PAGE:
To further build up the growing Kiss tsunami, the band appeared on national TV, landing a prime spot on comedian Paul Lynde’s 1976 Halloween special. Like the Beatles on The Ed Sullivan Show, this was the first chance many teenagers had to witness the band’s dazzling performance power. After burning all over “Detroit Rock City,” Peter Chris gently crooned his way through the ballad “Beth” (all lip-synched, of course) and, in a flash, Kiss had instantly turned every 13-year-old American into a charter member of the Kiss Army, as their fan base was called. Kissmania had begun.
After Destroyer, and the breakthrough success of “Beth”—a piano single—Kiss embarked on a long and arduous journey that continues to this day. Rock And Roll Over, Love Gun, Alive II, and Double Platinum followed, as did the release of simultaneous solo albums, which despite “shipping platinum” reportedly didn’t sell too well. Considered a brilliant public relations ploy, little memorable music was created here, with the exception of Frehley, who had shown that he was capable of both writing and playing his own material, gaining airplay with “New Your Groove.” But the band members began to suffer form their own glam excesses—especially Frehley. Sinking deeper into drugs and drink, he became reckless (wrecking cars seemed to be an ongoing pastime) and alienated himself from the other members of the band, especially Simmons and Stanley, who were notorious control freaks.
Frehley departed from the band bitterly in 1982 after a series of poorly conceived and received albums, notably The Elder and Creatures Of The Night. He was replaced by Vinnie Vincent, a Frehley look-alike who was technically a better player than Ace. Upon hiring Vincent, Kiss removed its make-up and shored up its career with Lick It Up, a surprising return to its early simplicity. Though a skilled player, Vincent was apparently even more difficult to manage than Frehley, and he was tossed out by Simmons and Stanley. Contemorary metal flash Mark St. John was hired in 1984 for Animalize, but he was soon diagnosed as having Reiter’s Syndrome and was unable to continue playing with the band (he later worked briefly with Peter Criss).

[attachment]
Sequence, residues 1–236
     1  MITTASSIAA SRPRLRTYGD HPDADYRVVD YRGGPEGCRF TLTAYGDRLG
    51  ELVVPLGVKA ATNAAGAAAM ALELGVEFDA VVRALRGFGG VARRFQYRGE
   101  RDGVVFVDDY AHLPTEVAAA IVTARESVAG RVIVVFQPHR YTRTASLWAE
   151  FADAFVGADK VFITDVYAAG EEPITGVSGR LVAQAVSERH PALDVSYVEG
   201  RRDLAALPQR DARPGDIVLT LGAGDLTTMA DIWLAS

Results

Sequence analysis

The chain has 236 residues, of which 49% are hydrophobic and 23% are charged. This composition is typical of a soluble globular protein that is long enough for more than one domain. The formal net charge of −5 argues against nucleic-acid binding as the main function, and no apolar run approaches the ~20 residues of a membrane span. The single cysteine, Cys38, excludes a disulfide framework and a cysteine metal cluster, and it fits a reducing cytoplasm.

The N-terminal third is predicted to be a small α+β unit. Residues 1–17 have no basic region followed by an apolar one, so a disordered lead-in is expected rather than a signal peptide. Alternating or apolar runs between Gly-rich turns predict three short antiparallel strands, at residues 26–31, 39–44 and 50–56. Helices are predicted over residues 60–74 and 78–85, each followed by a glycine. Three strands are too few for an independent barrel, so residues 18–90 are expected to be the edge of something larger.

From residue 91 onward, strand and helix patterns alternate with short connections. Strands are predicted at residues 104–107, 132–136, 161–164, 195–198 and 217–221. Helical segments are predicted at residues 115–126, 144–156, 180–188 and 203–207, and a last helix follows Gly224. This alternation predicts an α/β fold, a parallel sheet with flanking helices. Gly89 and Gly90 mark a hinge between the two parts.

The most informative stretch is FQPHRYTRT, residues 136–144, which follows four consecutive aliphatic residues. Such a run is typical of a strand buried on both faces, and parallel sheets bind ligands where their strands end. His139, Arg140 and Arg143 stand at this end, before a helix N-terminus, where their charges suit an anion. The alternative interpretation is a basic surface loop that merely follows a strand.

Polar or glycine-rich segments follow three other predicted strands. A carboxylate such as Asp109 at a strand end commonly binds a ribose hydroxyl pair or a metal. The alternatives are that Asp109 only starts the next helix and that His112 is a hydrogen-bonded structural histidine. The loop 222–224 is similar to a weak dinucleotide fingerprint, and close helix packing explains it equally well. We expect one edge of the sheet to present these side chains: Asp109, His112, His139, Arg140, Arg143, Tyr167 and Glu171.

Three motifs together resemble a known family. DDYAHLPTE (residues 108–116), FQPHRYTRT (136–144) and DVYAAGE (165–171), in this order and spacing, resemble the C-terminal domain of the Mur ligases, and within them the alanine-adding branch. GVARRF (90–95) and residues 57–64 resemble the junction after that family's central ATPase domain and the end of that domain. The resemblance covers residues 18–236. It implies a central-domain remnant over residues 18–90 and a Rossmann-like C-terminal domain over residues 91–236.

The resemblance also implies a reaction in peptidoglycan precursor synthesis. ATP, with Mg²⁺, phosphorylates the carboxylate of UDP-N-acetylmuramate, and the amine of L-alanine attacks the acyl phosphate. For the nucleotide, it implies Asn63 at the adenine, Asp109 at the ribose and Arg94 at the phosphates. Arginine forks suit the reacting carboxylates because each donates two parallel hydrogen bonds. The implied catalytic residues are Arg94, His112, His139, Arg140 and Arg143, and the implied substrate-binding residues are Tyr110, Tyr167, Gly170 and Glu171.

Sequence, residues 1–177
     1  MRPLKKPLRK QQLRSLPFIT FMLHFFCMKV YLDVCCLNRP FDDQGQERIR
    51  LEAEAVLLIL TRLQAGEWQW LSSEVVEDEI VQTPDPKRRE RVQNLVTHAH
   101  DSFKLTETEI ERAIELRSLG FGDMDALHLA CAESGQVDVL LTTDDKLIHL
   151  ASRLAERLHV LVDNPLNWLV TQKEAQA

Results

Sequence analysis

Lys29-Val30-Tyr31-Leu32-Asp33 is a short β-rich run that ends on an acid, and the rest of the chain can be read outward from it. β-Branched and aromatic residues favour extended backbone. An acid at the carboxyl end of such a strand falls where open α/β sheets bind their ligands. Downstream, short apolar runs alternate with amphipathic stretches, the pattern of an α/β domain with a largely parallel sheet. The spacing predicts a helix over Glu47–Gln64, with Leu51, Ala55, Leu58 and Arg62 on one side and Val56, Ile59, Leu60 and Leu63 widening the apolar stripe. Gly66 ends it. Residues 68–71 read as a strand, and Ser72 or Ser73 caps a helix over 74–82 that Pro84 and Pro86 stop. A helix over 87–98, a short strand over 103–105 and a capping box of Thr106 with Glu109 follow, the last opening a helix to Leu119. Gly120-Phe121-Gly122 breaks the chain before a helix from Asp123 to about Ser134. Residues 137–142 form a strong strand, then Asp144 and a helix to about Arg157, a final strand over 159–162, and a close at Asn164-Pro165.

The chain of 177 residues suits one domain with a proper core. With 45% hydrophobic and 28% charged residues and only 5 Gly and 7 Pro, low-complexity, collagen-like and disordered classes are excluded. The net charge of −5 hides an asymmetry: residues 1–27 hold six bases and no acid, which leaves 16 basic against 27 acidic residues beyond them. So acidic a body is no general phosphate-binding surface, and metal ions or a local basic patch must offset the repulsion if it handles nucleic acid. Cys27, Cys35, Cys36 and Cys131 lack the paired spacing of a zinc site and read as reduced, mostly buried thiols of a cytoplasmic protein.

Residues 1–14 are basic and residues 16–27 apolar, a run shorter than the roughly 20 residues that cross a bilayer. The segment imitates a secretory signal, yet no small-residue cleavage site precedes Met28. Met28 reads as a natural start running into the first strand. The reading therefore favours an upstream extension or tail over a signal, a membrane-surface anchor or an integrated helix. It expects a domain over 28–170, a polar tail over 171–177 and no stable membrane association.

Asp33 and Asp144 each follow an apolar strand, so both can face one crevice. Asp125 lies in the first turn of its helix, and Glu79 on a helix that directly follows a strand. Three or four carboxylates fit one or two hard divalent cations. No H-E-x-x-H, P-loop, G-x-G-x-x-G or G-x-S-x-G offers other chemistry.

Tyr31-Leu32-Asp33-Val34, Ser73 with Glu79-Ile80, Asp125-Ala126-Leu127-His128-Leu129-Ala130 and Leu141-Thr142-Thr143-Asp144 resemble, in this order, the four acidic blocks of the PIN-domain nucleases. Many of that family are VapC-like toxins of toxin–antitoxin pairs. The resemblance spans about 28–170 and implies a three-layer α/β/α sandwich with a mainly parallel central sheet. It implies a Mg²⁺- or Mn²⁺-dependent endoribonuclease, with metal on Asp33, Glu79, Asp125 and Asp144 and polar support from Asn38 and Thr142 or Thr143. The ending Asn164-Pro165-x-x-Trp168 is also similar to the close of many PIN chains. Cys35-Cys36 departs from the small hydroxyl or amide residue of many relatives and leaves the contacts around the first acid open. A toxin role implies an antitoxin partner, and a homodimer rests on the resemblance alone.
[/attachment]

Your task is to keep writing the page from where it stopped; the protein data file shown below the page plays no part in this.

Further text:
Kiss finally settled on New Yorker Bruce Kulick, formerly of the band Blackjack (featuring local singer Michael Bolotin, who later shortened his name to “Bolton”). In retrospect, he was probably the most well rounded guitarist to ever join the Kiss ranks. While he had to play much of Frehley’s material over the years, he was instrumental in the band’s return to prominence in the late 1980s and early 1990s as a hard-rock band par excellence. With Kulick, the band recorded 1992’s Revenge, which pushed them back to a popularity rivaling their Destroyer days. Interestingly, Vinnie Vincent also received co-writing credit on that album.
Frehley continued on, post-Kiss, with a checkered solo career, releasing albums under his own name and with a loose outfit he called Frehley’s Comet. Surprisingly, he emerged as one of the biggest influences on the guitarists of early ‘90s metal, notably Pantera’s Dimebag Darrell and Anthrax’s Scott Ian; even country-pop sensation Garth Brooks turned out to be a huge fan. In hindsight, this may have more to do with Frehley’s stage antics and simple power chords than any technical proficiency. Still, as a guitarist, he is appreciated—even worshipped—more in retrospect than he ever was during his tenure with Kiss.
As for the larger Kiss phenomenon, rock critics are still scratching their heads looking for answers. But pop culture is a tricky beast, and it’s often heard to figure out a rational reason why one celebrity vehicle flies and why another goes down the toilet. Perhaps the best explanation behind Kiss’ success is just what any of their fans will tell you (that is, before they punch you in the teeth). And that is simply that Kiss writes great kick-ass rockers, looks cooler than anyone else, and is perhaps the best freakin’ live band in the world. Now, 30+ years after their heyday, the Kiss juggernaut rolls on, even earning their own segment on MTV’s Unplugged. After all the back-biting and mudslinging, there was Stanley, Simmons, Kulick and new drummer Eric Singer joined onstage by Ace Frehley and Peter Criss for rollicking acoustic versions of “Rock and Roll All Nite” and “Nothin’ To Lose,” plus a new tack on “Beth.” And judging by all the smiles and fist-pumping from the audience, you could tell that many of these same fans were the ones who watched the Paul Lynde Halloween special, all those many years ago. This, if nothing else, proves that the Kiss Army is alive and well. Amen to that.